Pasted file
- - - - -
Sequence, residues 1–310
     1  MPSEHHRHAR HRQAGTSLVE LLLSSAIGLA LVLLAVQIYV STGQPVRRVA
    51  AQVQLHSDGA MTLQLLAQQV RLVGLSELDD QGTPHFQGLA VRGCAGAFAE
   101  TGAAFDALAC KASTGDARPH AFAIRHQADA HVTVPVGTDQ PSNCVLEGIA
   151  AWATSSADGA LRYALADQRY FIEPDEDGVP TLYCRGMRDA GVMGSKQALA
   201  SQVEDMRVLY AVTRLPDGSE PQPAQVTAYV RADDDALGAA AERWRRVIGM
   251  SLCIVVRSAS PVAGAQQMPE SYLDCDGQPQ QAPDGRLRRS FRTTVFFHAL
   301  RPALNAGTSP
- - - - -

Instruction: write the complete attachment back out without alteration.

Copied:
Sequence, residues 1–310
     1  MPSEHHRHAR HRQAGTSLVE LLLSSAIGLA LVLLAVQIYV STGQPVRRVA
    51  AQVQLHSDGA MTLQLLAQQV RLVGLSELDD QGTPHFQGLA VRGCAGAFAE
   101  TGAAFDALAC KASTGDARPH AFAIRHQADA HVTVPVGTDQ PSNCVLEGIA
   151  AWATSSADGA LRYALADQRY FIEPDEDGVP TLYCRGMRDA GVMGSKQALA
   201  SQVEDMRVLY AVTRLPDGSE PQPAQVTAYV RADDDALGAA AERWRRVIGM
   251  SLCIVVRSAS PVAGAQQMPE SYLDCDGQPQ QAPDGRLRRS FRTTVFFHAL
   301  RPALNAGTSP